Tag Archives: Budgeting

Saving and Homemaking 4/29

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Planting

Last week I planted dill and basil in pots inside and the seedlings are up!  Fingers crossed they get enough sun to grow into sturdy plants.  It’s under 40 degrees F here, so no planting outside yet.  I have pea seeds ready to go.

Saving

A good week!  I found eggs on sale for .39 cents/dozen and purchased two dozen.  That same store had their deli meat on sale for 50% off, which may sound scary but both were loss-leaders to celebrate the opening of a new store location.

At another store I found a “save $4.00 when you purchase 4 items” promotion.  Did the $4.00 come off my receipt?  No, of course not.  I went to the service desk and they gave me me the 4.00 in cash.  I noticed when I signed for the refund the person on the form ahead of me had also sought a refund for the same promotion.  Must watch receipts.

DH is tracking the cost of flights to England so we will have a better idea of the price of flights if we are able to afford a trip next year.  He is using a simple notebook for this, going back to our roots when we were first married and our weekly budget was in a spiral notebook!

At the end of the week we had cash left over which we put towards upcoming birthday and Mother’s Day expenses, and also vacation this summer.

Watching

90DD and I are enthralled with the show “When Calls the Heart” on Netflix.  We are only at the beginning of the first season so don’t spoil it for us!  We are scheming to watch episodes whenever we can.  If you are a fan of Little House, Dear America/Dear Canada books, or historical fiction, you must check into it.

Cooking

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We ate at home this week, and rather frugally.  I made a quiche with the .39 cent eggs.  I had bacon in the freezer, leftover cooked mini yukon potatoes and also chives from my garden to add to it.  Today we had “make your own taco salad” for lunch, which was an opportunity to use up ingredients from when we had tacos earlier in the week.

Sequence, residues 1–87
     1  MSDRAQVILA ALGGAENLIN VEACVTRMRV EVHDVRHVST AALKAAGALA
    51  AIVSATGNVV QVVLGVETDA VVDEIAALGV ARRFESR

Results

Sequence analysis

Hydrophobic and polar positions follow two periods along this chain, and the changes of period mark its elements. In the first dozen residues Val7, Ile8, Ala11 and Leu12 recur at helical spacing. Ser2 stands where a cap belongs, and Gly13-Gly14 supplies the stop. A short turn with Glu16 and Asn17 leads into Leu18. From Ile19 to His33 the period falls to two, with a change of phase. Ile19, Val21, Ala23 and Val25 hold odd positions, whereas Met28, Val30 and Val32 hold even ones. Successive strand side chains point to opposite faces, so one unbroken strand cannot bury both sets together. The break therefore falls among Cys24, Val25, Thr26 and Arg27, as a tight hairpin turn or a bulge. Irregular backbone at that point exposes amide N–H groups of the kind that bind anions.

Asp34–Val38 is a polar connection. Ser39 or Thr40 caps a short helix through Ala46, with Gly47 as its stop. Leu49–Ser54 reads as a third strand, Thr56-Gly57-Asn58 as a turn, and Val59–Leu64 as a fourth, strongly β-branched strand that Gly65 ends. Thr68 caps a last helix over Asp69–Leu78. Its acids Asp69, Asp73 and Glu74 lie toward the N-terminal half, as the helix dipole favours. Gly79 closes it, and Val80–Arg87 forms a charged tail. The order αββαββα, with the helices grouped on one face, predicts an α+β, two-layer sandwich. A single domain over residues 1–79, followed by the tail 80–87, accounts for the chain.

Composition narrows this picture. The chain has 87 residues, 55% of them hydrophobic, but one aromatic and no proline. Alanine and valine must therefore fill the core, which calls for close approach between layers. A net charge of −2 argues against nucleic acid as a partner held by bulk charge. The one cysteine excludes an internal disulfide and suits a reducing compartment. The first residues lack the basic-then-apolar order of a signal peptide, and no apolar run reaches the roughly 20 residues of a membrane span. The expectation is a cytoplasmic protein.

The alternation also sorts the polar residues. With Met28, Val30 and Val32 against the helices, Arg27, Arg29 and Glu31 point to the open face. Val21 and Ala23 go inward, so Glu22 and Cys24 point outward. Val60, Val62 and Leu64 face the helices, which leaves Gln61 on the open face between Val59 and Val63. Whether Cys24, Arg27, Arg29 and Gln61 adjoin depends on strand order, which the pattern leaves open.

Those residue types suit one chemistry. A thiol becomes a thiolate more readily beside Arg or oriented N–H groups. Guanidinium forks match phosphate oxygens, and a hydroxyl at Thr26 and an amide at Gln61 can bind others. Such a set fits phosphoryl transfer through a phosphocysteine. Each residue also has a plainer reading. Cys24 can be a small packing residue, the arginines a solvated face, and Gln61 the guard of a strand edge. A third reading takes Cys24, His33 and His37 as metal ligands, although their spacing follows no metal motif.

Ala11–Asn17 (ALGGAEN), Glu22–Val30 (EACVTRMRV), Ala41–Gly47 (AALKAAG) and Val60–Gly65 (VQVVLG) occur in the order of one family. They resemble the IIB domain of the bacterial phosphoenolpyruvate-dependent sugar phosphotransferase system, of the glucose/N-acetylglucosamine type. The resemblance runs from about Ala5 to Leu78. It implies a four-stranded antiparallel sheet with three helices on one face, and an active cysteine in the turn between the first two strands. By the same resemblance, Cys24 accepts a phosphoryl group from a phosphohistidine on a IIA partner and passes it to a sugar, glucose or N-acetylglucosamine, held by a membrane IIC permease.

We used the deli meat for a quick sandwich dinner on ballet night, saving the cost of a take-out meal.

Cleaning

I didn’t accomplish anything too far outside of routine cleaning.  I was too busy watching “When Calls the Heart.”  I did get some wet cloth dusting done, which I do with Dr. Bronner’s soap mixed with water and a microfiber cloth.

Reading

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“Lucky Broken Girl” by Ruth Behar, a middle–grade novel about the author’s experience as a Cuban-Jewish girl whose family flees Castro’s Cuba for New York City in the 1960s.  I am trying to read kid lit this year about kids and young adults who come from racial/gender/disability/cultural/religious backgrounds other than my own.  DD said this book should be moved to the top of my to be read list.

How was your week?  Any great grocery finds?  What are you reading and watching?

 

 

 

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Involuntary Simplicity?

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Mr. Saver Pays a Visit to the Food Truck

How would you feel about avocados being a rare seasonal treat?  Would your trip to Chipotle be complete without that glob of guac on top?  On my mind this week are thoughts about how changes in national (US) policy might affect my family.

Deportation of migrant workers, many of whom have falsified work papers (I didn’t know they were fake!), would immediately affect the prices of fresh food, most of which comes from California’s Central Valley.  Farmers hope their existing work force could be legalized, or that temporary work visas might be available to agricultural workers.  These low paying jobs are back-breaking and difficult to fill with US citizens, who can go work easier jobs for 10.00 an hour.  (For more background on this, read this article.). Crops need to be picked when they need to be picked and if labor is deported, millions of dollars of crops would be lost.

Rising fresh food prices could necessitate home gardens, canning, and buying local/seasonal.  Kind of a throwback to the ’40s  — before strawberries were available fresh year round.

The other piece of the food price puzzle is whether the government places trade restrictions and taxes on imported goods (say to pay for building a big wall), and importing fresh food like avocados and strawberries from places like Mexico quickly becomes cost-prohibitive.

Honestly, if the US sufficiently aggravates other countries, they may not buy goods from our farmers, who are barely hanging on as it is.  This could drive up subsidies which we pay for as taxpayers.